For example baby formula was not able to be purchased by US cosumers or stores from Europe as it did not have FDA approval despite having a higher basic standard on nutrition. Therefore the big 4 producers face no competition and there is no flexibility in the market when supply chain issues arise.
Then when a shortage suddenly the US government is able to fly in plane loads from Canada and Europe, flouting their own regulations.


Where have prices skyrocketed - health, flights, gas/power. All of which are massively regulated.

Why have my 2 minute noodles not shot up in price? Because there is some but not a lot of regulation related to it.

This message was edited 1 time. Last update was at 2022/05/24 01:17:00


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That is certainly an interpretation of events.

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Maybe you should have put some regulations in place that would prevent supply of such a critical product being at the mercy of the whimsy of a handful of monopolists.

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The Great State of New Jersey

 Waaagh_Gonads wrote:
 Jadenim wrote:
The vast majority of regulations are there for a damn good reason, mainly to stop people getting hurt or the environment getting screwed over.

Any money you “save” by removing regulations becomes a hidden cost somewhere else; lost productivity from people being off work sick or injured, polluted land, etc.



Not I sated 'onerous' regulation.
Some regulation is essential but overregulation where only large companies can afford to comply strangles local/small competition.

For example baby formula was not able to be purchased by US cosumers or stores from Europe as it did not have FDA approval despite having a higher basic standard on nutrition. Therefore the big 4 producers face no competition and there is no flexibility in the market when supply chain issues arise.
Then when a shortage suddenly the US government is able to fly in plane loads from Canada and Europe, flouting their own regulations.


Where have prices skyrocketed - health, flights, gas/power. All of which are massively regulated.

Why have my 2 minute noodles not shot up in price? Because there is some but not a lot of regulation related to it.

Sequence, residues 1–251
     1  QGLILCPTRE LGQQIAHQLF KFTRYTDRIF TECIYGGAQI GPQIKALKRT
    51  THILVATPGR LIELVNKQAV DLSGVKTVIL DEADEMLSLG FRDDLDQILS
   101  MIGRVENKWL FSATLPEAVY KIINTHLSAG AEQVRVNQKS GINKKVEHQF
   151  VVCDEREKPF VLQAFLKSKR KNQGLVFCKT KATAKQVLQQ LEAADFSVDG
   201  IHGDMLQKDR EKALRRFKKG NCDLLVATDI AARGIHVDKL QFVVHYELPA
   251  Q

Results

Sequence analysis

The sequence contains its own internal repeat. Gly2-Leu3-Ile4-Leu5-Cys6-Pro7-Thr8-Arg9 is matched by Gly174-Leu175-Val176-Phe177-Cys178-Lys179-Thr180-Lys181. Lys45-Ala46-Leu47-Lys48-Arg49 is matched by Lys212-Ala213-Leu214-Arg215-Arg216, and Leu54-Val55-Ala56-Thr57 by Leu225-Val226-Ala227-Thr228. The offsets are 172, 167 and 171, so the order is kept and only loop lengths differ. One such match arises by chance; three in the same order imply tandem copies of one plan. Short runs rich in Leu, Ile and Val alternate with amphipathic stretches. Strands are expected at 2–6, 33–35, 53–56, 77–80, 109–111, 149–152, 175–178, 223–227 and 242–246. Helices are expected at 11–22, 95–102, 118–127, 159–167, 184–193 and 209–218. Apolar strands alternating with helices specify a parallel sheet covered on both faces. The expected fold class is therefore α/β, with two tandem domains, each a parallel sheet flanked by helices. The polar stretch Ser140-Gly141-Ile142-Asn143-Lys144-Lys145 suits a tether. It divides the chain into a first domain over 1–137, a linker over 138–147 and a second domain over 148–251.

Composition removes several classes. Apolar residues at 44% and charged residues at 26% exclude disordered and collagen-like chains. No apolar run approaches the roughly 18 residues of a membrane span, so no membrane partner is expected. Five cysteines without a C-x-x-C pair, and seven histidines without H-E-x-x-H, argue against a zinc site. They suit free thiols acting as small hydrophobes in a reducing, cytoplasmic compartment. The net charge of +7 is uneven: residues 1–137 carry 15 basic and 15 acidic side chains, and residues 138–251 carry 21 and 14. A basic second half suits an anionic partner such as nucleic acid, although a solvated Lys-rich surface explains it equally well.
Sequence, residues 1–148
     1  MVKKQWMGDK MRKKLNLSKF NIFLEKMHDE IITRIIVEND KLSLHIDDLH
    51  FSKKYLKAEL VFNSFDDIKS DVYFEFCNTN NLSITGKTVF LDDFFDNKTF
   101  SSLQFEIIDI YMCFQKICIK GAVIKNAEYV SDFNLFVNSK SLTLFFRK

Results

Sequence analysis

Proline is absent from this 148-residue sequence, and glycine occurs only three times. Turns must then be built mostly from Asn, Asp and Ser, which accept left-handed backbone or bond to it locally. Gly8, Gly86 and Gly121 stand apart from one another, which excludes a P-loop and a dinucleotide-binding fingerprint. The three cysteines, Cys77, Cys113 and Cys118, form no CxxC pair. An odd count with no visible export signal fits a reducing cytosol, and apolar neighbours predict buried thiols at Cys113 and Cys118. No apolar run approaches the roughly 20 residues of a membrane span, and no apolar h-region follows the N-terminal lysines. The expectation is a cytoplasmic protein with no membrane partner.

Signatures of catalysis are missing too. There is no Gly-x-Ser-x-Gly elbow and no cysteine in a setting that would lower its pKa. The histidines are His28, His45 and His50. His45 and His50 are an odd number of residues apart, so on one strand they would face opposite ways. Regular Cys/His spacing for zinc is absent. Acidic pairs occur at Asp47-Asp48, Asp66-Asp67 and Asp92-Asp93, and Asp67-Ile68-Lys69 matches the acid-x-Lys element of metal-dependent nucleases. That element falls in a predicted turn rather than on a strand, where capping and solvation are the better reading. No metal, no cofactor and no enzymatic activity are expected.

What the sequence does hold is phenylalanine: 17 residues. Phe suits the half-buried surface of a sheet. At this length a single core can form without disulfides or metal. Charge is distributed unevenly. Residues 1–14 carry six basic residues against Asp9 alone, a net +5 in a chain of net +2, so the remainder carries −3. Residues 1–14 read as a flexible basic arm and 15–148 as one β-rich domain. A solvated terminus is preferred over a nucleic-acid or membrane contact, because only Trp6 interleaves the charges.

You are way off base on the problems with the US baby formula shortage. The long and the short of it is that baby formula in the US is heavily subsidized by state and federal contracts as part of well-intentioned (but perhaps misguided in their application/execution) social safety benefits. Each state issues a contract to one baby formula producer (following a competitive bidding process to identify the lowest cost option to the state) to be the "official" formula that individuals receiving government benefits in the state may purchase and utilize, etc. Supermarkets and grocers, etc. selling baby formula products are then required to stock the contracted formula brand on their shelves in order for benefit recipients to purchase the items locally, but in truth due to a number of factors the contracted brand in any given state tends to dominate market share and sales within the state regardless of this policy (the brand in question often puts an emphasis on marketing within said state, most of the contracts are long term and rarely end up moving to a competitor brand when they come up for bid again which creates a lot of long-term brand loyalty, especially when coupled with how widespread the public benefit is and how many parents out there end up using that brand as a result), which results in markets allocating most of their shelf space to the contracted brand and little (if any) shelf space to competitors, which kind of creates a feedback loop that makes the contracted brand the end-all-be-all within the states borders and crowds out competition. There are basically 4 companies which have split the formula contracts across all 50 states, one of those companies has about 2/3rds of the contracts alone, with the remaining 1/3rd being split amongst the other 3. There are a handful of smaller local companies that have no formula contracts and basically no relevant sales because they struggle to get shelf-space in markets, etc. Because capitalism, formula production for all 4 of these companies is concentrated and centralized into just a handful of factories in order to leverage economies of scale, meaning that if one of them ends up being contaminated (as was the case), you shut down a pretty significant share of the national production capacity of formula.